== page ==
Carl Stone is one of the pioneers of live computer music, and has been hailed by the Village Voice as “the king of sampling.” and “one of the best composers living in (the USA) today.” He has used computers in live performance since 1986. Stone was born in Los Angeles and now divides his time between Los Angeles and Japan. He studied composition at the California Institute of the Arts with Morton Subotnick and James Tenney and has composed electro-acoustic music almost exclusively since 1972. His works have been performed in the U.S., Canada, Europe, Asia, Australia, South America and the Near East. In addition to his schedule of performance, composition and touring, he is on the faculty of the Department of Media Engineering at Chukyo University in Japan.
Both Carl Stone album releases from 2019 found their ways onto a number of Best of the Year lists, from Artforum to The Wire.
Himalaya: Best of 2019 14/100
“The world’s pop music has become putty in Stone’s hands. Each piece could, in theory, keep reassembling its particles infinitely”
Baroo: Best of 2019 27/100
“Like a vivd and recurrent memory of somewhere you have never been, or an everday experience suddenly made inexplicable and strange”
Himalaya: Best Music of 2019 5/10
How much music do you really need? Stone’s work suggests that sometimes a second is enough. As he shows on Himalaya, real-time manipulation of tiny samples can yield extraordinary results, ranging from shattered-beat mosaics to oceanic stillness.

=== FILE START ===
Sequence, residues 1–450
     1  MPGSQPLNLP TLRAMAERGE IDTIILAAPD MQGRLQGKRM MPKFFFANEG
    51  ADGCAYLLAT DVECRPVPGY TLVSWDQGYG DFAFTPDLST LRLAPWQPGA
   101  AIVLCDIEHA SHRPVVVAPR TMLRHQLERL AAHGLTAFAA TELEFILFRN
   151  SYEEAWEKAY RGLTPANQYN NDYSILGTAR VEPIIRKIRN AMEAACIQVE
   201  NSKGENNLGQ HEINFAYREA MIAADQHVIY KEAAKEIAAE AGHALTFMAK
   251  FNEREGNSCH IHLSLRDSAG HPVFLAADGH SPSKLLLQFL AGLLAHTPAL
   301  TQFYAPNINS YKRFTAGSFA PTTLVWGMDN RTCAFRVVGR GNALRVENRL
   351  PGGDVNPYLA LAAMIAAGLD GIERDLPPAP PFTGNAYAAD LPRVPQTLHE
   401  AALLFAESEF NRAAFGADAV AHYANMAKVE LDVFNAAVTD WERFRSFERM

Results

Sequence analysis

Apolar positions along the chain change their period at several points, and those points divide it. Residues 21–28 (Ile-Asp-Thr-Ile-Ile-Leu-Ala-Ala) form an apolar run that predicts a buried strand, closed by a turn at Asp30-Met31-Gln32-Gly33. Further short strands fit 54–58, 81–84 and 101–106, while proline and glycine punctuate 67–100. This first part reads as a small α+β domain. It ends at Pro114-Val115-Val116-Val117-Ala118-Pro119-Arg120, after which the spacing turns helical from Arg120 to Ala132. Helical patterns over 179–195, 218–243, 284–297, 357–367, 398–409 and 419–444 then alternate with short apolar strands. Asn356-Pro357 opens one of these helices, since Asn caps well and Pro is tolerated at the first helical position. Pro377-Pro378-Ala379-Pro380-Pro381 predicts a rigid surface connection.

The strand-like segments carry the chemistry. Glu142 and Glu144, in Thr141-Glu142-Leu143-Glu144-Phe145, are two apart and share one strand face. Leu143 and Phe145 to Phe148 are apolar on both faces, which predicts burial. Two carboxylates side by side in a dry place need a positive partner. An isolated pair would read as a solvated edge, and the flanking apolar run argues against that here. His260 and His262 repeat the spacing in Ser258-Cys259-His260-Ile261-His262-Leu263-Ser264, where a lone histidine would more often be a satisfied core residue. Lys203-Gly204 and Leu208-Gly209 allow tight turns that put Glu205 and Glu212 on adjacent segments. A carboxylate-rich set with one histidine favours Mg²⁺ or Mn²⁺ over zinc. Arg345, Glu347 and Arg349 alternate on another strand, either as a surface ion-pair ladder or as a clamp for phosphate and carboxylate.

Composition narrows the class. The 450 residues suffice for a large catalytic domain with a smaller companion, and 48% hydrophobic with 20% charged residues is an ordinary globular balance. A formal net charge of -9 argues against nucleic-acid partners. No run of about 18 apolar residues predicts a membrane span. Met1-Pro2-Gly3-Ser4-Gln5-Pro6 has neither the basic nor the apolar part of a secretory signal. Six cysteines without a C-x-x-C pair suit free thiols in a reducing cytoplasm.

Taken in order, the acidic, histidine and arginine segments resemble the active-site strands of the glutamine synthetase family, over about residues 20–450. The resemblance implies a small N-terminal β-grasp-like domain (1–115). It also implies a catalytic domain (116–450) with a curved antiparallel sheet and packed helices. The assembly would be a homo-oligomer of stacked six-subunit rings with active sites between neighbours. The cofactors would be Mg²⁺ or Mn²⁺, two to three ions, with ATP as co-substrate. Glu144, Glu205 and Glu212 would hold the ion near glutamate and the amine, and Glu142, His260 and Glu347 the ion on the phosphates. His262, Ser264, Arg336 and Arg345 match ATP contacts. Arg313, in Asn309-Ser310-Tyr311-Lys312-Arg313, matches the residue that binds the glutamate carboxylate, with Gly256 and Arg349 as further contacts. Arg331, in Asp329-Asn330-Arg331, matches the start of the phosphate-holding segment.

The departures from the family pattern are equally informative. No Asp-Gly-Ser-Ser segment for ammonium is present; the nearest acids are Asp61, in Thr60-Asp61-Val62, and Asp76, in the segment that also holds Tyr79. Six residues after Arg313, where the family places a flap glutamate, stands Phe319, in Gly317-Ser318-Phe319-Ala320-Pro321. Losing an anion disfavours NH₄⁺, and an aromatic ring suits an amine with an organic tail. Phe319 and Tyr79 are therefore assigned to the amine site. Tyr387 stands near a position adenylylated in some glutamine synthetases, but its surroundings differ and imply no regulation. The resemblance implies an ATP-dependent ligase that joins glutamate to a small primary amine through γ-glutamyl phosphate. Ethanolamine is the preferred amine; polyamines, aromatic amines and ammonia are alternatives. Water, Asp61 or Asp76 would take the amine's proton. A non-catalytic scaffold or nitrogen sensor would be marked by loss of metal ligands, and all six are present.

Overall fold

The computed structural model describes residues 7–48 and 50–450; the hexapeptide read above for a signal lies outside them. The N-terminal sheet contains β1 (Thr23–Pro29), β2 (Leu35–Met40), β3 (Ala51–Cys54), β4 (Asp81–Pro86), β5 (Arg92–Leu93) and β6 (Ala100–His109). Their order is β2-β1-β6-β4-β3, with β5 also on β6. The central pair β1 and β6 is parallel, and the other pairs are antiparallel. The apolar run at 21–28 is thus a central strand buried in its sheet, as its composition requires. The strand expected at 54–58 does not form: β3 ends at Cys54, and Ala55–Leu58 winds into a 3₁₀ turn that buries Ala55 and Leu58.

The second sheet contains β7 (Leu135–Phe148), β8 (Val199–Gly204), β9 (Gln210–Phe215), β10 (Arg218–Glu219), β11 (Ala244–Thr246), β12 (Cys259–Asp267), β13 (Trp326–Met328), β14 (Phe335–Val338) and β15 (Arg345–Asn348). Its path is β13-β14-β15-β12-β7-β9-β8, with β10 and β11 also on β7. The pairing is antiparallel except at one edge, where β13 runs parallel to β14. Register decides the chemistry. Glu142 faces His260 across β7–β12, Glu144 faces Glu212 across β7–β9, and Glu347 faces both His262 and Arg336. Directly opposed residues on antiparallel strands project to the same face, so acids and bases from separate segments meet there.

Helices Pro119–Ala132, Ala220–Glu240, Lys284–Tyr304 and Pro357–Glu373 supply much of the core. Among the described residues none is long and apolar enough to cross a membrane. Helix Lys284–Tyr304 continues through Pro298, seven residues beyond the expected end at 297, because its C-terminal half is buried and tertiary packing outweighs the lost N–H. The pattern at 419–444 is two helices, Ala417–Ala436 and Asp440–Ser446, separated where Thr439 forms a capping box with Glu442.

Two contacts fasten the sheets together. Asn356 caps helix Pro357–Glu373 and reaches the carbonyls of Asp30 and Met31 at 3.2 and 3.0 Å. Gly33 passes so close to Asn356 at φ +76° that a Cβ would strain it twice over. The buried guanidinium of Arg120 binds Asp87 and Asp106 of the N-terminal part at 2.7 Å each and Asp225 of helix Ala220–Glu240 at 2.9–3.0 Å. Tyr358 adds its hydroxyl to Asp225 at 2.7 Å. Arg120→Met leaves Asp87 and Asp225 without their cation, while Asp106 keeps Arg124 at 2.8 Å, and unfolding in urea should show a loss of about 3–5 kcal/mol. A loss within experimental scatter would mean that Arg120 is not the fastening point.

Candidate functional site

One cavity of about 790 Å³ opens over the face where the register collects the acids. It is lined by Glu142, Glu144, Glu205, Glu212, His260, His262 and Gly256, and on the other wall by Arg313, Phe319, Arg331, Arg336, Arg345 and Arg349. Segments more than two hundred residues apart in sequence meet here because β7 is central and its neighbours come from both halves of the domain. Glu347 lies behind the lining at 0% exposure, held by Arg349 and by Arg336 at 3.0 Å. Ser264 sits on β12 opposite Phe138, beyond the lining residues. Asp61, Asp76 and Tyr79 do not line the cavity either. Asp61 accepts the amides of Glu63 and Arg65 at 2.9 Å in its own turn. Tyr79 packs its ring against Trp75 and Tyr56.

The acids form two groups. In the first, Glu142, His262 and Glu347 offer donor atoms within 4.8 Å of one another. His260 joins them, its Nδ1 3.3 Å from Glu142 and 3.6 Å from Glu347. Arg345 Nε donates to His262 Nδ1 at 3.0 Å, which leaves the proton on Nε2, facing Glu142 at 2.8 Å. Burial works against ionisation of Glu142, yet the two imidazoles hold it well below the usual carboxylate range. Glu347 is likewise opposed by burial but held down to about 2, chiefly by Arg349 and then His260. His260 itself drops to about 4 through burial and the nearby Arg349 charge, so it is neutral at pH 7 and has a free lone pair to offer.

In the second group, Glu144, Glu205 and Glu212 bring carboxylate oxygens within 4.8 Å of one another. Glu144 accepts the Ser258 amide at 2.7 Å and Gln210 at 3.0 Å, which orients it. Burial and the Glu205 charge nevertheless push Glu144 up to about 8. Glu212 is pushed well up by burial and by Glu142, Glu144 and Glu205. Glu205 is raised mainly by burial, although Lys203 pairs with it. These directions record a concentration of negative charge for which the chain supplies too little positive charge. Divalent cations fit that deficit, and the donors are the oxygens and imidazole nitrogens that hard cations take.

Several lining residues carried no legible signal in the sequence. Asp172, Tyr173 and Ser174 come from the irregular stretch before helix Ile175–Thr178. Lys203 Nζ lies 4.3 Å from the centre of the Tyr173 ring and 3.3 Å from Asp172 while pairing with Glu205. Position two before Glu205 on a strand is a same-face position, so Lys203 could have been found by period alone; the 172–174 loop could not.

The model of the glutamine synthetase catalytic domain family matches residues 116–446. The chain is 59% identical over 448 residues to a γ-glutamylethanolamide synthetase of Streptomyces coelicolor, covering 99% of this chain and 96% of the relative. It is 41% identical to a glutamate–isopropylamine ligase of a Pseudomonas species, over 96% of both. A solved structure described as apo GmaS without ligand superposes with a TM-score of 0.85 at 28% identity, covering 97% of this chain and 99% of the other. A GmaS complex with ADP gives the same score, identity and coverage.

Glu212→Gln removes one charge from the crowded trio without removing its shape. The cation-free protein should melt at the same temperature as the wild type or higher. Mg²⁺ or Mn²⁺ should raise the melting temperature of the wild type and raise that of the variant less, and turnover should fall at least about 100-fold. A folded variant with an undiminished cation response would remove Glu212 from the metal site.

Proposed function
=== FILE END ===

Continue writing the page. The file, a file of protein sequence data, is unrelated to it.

Baroo & Himalaya: Best Experimental Albums of 2019
Baroo and Himalaya both engage with pop music by rearranging its DNA, constructing a new kind of catchiness through circular edits. He can build arcs that rise and fall, and ride loops that hypnotize as they expand. The process is brainy, but both albums are also full of glee, as fun to listen to as they are to contemplate.
Baroo: Best Experimental Albums of 2019
“Like a vivid and recurrent memory of somewhere you have never been, or an everyday experience suddenly made inexplicable and strange”
Carl Stone's music has been used by numerous theater directors, filmmakers and choreographers including Hiroshi Koike (Pappa Tarahumara), Akira Kasai, Bill T. Jones, Pat O’ Neil, Ping Chong, June Watanabe, Setsuko Yamada, Kuniko Kisanuki, Dorit Cypis, Rudy Perez, Hae Kyung Lee, Bruce and Norman Yonemoto, Kathleen Rogers, and Blondell Cummings. Musical collaborations include those with Yuji Takahashi, Kazue Sawai, Aki Takahashi, Sarah Cahill, Wu Wei, Haco, Samm Bennett, Kazuhisa Uchihashi, Michiko Akao, Stelarc, z'ev, Tosha Meisho, Otomo Yoshihide, Min Xiao-Fen and Mineko Grimmer.
Jane Deasy is a composer and performer working across various forms including theatre, installation and radio. She composes both electronic and electroacoustic music exploring the boundaries between music and theatre.